Hey, look: I'm only 20+ years behind on movie viewing! We saw The Name of the Rose this past week. This is my jumbled review.
The director described his work as "a palimpsest of Umberto Eco's novel." Palimpsest. It's a beautiful word. With a poetic meaning:
pal·imp·sest n.The Star
1. A manuscript, typically of papyrus or parchment, that has been written on more than once, with the earlier writing incompletely erased and often legible.
2. An object, place, or area that reflects its history: “Spaniards in the sixteenth century... saw an ocean moving south... through a palimpsest of bayous and distributary streams in forested paludal basins” (John McPhee). [bolded text my emphasis]
Sean Connery. Sean Connery's voice has the same effect on me as Garrison Keillor's voice: I am comforted and compelled by it. I also think he was beautiful as a monk.
Side Note Quote
"Females, by their very nature, are perverse." Yawn.
What I knew about the Story/Plot
Okay, I knew the basic components: monks are suspiciously dying, a monk and his acolyte come to investigate, set in the Middle Ages.
What I figured about the Story/Plot
This was a story about the power of religion (state, culture). Since it involved the Middle Ages and the Inquisition, it was a story about the extreme power of religion. And, there would probably be chanting and coarsely woven cassocks.
What was reinforced in me by the Story/Plot
One of the fallacies of ancient and modern religion is bastardized logic.
- Throw a suspected witch in the water. If she floats, she's guilty...and will be burned at the stake.
- Throw a suspected witch in the water. If she sinks and drowns, she
- If you don't confess, you will be tortured until you do.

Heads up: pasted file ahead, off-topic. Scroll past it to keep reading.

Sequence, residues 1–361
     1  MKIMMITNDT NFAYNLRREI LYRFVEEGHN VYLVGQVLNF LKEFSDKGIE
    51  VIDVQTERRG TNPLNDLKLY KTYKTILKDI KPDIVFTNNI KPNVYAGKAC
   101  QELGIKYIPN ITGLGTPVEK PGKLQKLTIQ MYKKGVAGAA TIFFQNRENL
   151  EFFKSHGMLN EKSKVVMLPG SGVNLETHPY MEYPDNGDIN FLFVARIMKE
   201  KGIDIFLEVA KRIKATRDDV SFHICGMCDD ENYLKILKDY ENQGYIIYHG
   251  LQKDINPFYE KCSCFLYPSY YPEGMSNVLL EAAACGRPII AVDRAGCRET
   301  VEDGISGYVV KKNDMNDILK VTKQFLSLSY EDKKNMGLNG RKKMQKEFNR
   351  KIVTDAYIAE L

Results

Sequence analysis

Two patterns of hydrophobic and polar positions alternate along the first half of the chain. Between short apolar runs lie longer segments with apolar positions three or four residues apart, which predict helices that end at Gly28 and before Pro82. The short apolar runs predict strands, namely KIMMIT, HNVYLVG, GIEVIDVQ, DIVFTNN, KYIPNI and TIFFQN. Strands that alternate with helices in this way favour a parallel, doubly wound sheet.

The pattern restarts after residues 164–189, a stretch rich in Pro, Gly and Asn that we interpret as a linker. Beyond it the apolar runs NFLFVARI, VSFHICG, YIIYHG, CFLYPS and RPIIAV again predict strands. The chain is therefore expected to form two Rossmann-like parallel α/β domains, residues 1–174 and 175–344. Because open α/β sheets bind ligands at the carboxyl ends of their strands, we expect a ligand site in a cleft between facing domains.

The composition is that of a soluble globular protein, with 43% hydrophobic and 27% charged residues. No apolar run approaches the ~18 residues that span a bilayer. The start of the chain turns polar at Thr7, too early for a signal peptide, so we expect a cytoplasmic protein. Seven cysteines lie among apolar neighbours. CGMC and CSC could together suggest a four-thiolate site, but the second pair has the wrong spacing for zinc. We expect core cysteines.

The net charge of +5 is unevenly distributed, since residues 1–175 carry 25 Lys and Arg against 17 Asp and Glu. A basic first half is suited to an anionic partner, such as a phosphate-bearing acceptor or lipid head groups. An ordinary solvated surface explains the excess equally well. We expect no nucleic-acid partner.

- If you do confess, you will be tortured for your sins.
- And of course, if you disagree with the Inquisitor, you are a heretic.
- If a baby is abandoned in a dumpster and dies, it was god's will and he's now with God and safe.
- If a baby is abandoned in a dumpster and lives, it was god's will and god intervened to save him.
I was also right, there was chanting. Ditto on the burlap robes.
What I didn't Know about the Story/Plot
SPOILER: For those of you 25+ years behind on your cinematic education, you might want to skip this part.
This is a story about the perceived danger of COMEDY.
This was a surprise. The old, blind monk believed a rare, single copy of Aristotle's work on comedy to be sinful. To prevent anyone from reading this work and "converting" to Aristotle's ideas on comedy, he applied arsenic to the page corners that were routinely turned by licked fingers. Thus, poisoning and killing the readers.
As a former religious fanatic and convert to the joys of comedy, this is fascinating. Not new...I was aware how humor could be juxtaposed against sobriety with admonitions against too much levity. It's very difficult to judge medieval behavior by our modern standards--there's so much historical context to fully understand. But think about the incredible control an organization has that strips wealth, limits knowledge, forbids questioning AND bans humor from its followers?
And lest you think this only applies to dusty history, this type of control exists in every fanatical movement. Today. Because autonomy, laughter, questioning and knowledge are powerful tools against orthodoxy.
Indirectly related, I read this post by atheist blogger Greta Christina and particularly liked #3 on why she doesn't believe in god. It ties in here. Really.